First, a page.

Dr. Calabrese testified that the claimant's current complaints are seven out of ten pain that is dull in the neck and low back, which medications help decrease. The doctor reported that the claimant has painful decreased range of motion and weakness. On the most recent examination the claimant's lumbar range of motion was restricted to 45 degrees of flexion (90 degrees is normal), extension to five degrees (30 degrees is normal), lateral flexion in each direction to 10 degrees (30 degrees is normal), and rotation to 10 degrees in each direction (30 degrees is normal). The claimant still has palpable mild spasms. Dr. Calabrese believed the claimant is temporarily totally disabled because the MRI results confirmed the serious injury to her lumbar spine. Before sending her back to sedentary work, the doctor testified that he wants to personally examine the claimant, send her for a functional capacity evaluation, and an orthopedic evaluation to make sure she is not a surgical candidate.

On cross-examination, Dr. Calabrese testified that the claimant cannot perform sedentary work at this time. The doctor admitted that the MRI does not show when the annular tear occurred, but he believed the tear is causally related to the work accident because the accident is capable of causing the MRI findings. Additionally, the claimant's low back pain has been constant since December 26, 2014, but was only occasional and episodic prior to the accident. The range of motion findings made during the October 22, 2015, examination supports his opinion to keep the claimant out of work. Dr. Calabrese admitted that he never personally examined the claimant, but he had seen her while she was in physical therapy. The doctor confirmed that he trusted the physical examination findings made by the doctors he employs, and he made his opinions based upon those findings (the reports filed by Dr. Calabrese during the period in question indicate that claimant was treated by either a nurse practitioner or physician's assistant employed in Dr. Calabrese's office).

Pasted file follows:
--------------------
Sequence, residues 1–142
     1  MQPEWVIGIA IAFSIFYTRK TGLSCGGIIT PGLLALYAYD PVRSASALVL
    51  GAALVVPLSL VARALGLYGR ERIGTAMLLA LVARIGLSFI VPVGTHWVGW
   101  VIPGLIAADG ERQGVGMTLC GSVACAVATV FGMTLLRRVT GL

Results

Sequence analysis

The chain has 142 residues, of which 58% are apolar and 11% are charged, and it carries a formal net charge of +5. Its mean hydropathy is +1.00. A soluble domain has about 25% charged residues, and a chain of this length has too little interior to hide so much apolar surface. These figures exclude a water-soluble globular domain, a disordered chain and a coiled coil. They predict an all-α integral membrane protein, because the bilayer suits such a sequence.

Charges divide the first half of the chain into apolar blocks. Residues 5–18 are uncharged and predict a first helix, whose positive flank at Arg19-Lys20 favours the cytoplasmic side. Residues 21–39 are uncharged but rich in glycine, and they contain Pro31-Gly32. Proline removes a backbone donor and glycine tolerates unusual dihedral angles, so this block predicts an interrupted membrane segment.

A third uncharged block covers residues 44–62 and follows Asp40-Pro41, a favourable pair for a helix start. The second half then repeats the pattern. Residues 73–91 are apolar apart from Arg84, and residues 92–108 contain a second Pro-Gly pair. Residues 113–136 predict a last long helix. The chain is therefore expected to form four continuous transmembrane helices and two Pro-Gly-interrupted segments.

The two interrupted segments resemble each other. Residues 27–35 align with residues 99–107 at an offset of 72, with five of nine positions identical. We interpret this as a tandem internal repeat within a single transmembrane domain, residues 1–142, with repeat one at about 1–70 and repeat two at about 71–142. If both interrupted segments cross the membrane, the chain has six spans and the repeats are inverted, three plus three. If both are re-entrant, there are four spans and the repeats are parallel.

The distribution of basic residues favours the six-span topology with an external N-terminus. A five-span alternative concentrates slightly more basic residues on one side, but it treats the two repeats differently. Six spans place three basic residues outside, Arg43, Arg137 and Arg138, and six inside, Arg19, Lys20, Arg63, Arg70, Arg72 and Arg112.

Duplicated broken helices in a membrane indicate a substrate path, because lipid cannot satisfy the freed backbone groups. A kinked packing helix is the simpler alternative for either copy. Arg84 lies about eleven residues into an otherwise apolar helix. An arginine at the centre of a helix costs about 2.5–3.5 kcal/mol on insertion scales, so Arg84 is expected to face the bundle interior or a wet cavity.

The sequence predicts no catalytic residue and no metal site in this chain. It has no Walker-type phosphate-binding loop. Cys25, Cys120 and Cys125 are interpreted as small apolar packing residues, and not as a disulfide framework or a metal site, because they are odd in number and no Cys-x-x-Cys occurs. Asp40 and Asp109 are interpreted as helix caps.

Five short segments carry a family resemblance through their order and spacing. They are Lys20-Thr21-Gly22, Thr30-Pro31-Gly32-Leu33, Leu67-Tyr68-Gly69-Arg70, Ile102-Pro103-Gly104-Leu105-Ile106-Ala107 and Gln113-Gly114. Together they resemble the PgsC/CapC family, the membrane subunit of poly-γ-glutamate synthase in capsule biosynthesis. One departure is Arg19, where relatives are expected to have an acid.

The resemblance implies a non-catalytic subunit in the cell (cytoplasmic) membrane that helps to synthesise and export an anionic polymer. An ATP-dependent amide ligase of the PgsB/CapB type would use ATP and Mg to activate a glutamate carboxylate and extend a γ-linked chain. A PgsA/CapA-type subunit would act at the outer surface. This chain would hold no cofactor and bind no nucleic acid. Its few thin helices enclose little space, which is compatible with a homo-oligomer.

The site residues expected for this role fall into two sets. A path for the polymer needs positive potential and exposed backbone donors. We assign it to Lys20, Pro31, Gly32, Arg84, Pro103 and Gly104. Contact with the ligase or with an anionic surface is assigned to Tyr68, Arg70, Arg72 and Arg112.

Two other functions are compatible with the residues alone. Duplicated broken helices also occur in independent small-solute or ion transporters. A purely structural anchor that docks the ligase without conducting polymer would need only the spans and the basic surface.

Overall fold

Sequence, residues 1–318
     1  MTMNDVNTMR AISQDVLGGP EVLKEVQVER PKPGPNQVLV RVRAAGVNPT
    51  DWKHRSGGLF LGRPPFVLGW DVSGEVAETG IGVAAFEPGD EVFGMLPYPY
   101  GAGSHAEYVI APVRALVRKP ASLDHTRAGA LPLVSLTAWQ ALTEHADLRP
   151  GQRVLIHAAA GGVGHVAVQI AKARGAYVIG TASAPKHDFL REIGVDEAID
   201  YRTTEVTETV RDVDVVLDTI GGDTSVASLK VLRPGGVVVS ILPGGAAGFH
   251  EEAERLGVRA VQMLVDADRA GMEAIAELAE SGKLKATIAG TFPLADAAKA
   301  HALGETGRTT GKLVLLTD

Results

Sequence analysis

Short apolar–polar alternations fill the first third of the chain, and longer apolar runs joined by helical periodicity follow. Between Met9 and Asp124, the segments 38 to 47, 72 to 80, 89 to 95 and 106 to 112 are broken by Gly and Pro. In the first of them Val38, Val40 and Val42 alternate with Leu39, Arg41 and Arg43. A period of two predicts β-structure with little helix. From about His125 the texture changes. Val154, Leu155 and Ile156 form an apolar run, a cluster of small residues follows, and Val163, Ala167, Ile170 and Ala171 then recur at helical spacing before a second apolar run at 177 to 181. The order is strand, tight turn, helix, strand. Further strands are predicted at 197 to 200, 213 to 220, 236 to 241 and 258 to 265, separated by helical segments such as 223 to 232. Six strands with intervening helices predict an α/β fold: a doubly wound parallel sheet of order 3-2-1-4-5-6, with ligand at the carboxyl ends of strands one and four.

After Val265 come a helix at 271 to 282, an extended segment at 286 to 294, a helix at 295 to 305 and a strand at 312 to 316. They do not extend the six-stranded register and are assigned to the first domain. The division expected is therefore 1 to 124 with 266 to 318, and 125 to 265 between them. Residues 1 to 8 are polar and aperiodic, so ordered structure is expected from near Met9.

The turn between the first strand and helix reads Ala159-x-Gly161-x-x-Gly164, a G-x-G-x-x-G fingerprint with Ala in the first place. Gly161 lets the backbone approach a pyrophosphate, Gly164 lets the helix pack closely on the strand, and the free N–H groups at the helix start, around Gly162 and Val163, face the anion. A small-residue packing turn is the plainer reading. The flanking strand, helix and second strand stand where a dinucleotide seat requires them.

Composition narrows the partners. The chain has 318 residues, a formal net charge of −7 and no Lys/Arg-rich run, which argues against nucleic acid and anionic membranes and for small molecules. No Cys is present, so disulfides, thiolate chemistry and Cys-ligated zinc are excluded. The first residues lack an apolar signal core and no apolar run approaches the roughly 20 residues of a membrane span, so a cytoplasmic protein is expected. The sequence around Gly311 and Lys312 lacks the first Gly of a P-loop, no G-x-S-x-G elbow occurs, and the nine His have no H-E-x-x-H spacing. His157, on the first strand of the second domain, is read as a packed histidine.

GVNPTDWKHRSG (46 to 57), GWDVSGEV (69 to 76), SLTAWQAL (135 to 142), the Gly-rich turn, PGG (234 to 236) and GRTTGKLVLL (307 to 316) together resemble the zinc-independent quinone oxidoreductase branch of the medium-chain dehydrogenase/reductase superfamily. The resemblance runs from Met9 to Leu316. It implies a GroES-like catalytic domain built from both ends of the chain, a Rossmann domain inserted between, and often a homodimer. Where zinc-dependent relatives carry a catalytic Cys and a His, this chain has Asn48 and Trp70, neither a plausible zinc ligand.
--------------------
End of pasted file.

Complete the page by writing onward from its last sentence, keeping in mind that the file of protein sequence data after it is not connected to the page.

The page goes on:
The claimant was examined by the carrier's consultant, Dr. Landi, on April 29, 2015. In his IME-4 report. Dr. Landi noted that the claimant complained of six to seven out of ten back pain on the right side that radiated into the right buttock, which is worse with standing, lifting, lying down and walking. The claimant also complained of walking with an unsteady gait. On examination, the claimant presented in no apparent distress, with normal findings for the neck and thoracic spine. The lumbar spine examination showed normal range of motion, no tenderness, no deformity, and no paraspinal spasms. The low back had tenderness to palpation of the right S1 joint, and decreased sensation to light touch throughout her low back. The straight leg raise test on the right side produced S1 joint pain. The extremities showed no atrophy, and no trophic changes to the hair, skin or nails. The doctor noted that the claimant did not have difficulty getting off the exam table. Dr. Landi diagnosed the claimant with cervical strain, lumbar strain and right S1 dysfunction and opined that the claimant had a moderate partial disability. Dr. Landi's report lists the medical records that were provided to him to review, which reflects that he was not provided with the medical records of Dr. Calabrese or the MRI report.